Tech firms which fail to protect users could be fined up to £18bn, says Dorries

6 January 2022, 12:14

Social media apps on a smartphone
Social media apps. Picture: PA

The Culture Secretary set out the possible punishments social media firms face under the forthcoming Online Safety Bill.

Social media companies could be fined as much as £18 billion under the Government’s new online safety reforms, according to the Culture Secretary.

Nadine Dorries outlined the possible scale of the punishments available as part of the forthcoming Online Safety Bill, after concerns over the behaviour of some tech firms were raised in the House of Commons.

The legislation is expected to force the biggest operators, such as Meta – formerly Facebook – and Google, to abide by a duty of care to users, overseen by Ofcom as the new regulator for the sector.

Next Ofcom chair
Culture Secretary Nadine Dorries outlined the possible scale of the punishments available as part of the forthcoming Online Safety Bill (Steve Parsons/PA)

Conservative MP Saqib Bhatti (Meriden) said: “Last year, I wrote to five of the major social media companies with 50 of my colleagues, calling for meaningful change, asking them to recognise their moral duty to make this change.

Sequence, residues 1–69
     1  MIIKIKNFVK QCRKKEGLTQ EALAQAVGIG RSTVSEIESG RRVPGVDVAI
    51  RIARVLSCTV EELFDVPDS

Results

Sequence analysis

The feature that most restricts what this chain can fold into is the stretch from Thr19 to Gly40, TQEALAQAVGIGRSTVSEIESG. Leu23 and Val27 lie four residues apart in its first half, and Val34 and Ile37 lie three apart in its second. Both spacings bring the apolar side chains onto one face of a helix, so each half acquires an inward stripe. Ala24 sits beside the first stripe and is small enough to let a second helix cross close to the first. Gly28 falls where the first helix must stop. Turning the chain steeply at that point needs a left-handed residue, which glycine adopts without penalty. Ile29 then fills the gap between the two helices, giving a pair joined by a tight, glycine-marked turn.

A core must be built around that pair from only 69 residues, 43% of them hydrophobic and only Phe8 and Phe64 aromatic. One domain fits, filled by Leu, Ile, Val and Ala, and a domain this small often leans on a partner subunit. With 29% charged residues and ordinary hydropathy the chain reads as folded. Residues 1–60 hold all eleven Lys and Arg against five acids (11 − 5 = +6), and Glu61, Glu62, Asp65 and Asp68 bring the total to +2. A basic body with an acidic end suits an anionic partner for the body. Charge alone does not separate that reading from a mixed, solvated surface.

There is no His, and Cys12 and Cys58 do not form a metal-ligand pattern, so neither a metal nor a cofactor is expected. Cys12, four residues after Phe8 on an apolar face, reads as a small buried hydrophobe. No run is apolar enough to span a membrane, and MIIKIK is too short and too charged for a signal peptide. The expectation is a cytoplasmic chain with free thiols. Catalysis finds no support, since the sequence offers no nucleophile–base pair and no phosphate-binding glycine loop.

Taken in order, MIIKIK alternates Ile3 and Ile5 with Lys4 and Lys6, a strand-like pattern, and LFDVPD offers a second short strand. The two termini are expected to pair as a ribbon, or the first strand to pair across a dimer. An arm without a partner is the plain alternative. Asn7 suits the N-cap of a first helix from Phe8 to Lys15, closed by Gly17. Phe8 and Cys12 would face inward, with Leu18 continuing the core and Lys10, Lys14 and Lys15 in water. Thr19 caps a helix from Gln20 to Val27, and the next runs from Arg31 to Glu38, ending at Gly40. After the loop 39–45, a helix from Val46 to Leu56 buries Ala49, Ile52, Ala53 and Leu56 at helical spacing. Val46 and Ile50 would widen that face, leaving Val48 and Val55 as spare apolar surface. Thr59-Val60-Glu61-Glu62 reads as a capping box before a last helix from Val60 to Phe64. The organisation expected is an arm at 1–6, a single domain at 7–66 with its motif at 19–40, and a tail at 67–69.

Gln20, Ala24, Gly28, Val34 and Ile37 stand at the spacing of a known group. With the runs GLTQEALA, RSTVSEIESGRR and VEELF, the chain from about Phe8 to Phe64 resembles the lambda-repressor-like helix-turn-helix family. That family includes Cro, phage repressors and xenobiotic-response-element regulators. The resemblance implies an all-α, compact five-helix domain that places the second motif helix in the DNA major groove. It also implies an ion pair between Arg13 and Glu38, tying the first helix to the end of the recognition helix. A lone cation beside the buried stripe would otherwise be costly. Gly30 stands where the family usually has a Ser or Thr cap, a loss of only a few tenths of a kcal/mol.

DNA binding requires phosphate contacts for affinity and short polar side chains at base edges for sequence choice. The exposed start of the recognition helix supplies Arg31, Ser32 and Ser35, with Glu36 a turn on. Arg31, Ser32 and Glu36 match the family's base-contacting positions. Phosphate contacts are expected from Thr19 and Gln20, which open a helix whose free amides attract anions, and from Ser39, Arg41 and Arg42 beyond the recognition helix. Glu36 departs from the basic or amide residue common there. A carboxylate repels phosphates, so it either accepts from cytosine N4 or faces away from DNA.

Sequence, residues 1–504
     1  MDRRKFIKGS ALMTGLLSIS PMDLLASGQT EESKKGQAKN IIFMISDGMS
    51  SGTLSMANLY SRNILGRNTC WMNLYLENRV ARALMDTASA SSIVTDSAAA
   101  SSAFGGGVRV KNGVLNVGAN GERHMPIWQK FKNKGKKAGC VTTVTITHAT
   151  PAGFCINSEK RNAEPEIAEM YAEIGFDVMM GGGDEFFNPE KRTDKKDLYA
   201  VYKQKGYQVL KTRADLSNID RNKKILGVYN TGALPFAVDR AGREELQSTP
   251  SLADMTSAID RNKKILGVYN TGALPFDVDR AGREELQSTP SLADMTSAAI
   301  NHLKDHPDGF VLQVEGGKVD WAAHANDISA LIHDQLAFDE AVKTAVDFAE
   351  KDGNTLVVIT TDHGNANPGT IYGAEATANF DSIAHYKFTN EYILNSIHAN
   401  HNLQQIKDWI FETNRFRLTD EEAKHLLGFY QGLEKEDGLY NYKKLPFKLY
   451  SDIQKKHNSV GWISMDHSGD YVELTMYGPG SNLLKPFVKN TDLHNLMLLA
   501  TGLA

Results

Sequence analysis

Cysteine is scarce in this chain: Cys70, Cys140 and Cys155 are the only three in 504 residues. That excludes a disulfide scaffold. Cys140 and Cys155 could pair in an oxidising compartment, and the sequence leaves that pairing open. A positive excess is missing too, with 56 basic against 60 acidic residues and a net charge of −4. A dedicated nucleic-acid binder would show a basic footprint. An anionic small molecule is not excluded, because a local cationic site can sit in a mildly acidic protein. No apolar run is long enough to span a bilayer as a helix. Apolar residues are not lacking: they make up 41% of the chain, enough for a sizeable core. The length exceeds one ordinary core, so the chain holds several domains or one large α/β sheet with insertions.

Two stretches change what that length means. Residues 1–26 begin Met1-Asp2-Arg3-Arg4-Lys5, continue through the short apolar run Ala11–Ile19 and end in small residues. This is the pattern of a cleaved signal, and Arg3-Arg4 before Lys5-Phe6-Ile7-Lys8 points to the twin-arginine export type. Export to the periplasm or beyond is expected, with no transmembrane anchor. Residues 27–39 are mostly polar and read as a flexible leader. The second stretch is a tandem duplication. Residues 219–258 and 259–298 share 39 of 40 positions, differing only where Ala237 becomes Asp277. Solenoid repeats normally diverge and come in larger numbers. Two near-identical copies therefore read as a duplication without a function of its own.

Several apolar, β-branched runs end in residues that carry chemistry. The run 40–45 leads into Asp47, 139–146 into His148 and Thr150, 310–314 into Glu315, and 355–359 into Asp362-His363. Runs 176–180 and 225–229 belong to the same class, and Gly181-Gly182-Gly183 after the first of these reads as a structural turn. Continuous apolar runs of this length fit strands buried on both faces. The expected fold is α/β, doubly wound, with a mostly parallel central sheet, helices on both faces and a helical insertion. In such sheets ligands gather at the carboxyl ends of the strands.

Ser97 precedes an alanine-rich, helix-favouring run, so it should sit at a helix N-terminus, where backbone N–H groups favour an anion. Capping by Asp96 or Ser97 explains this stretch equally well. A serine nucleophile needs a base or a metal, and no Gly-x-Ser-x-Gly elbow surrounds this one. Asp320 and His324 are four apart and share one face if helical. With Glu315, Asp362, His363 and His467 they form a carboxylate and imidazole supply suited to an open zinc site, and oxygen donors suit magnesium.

“Only three of the five social media companies even bothered to reply to that piece of correspondence, which concerns me they are not taking this matter seriously enough.

“Will my right honourable friend confirm she will be characteristically robust about making meaningful change in the legislation that comes forward?”

Ms Dorries said she was “disappointed” to hear about the response from the tech companies but “not surprised”.

She added: “Frankly, we will be bringing forward legislation which will introduce sanctions, including some pretty steep fines – 10% of global annual turnover – which could be as much as £18 billion, so there will be some considerable sanctions within the Bill, and he is absolutely right.

“You know, we shouldn’t be having to do this; the moral responsibility for those organisations is to provide the protections that young people require.

“They could be doing what they need to do right now, they didn’t need the Bill. They could remove those harmful algorithms right now.”

By Press Association

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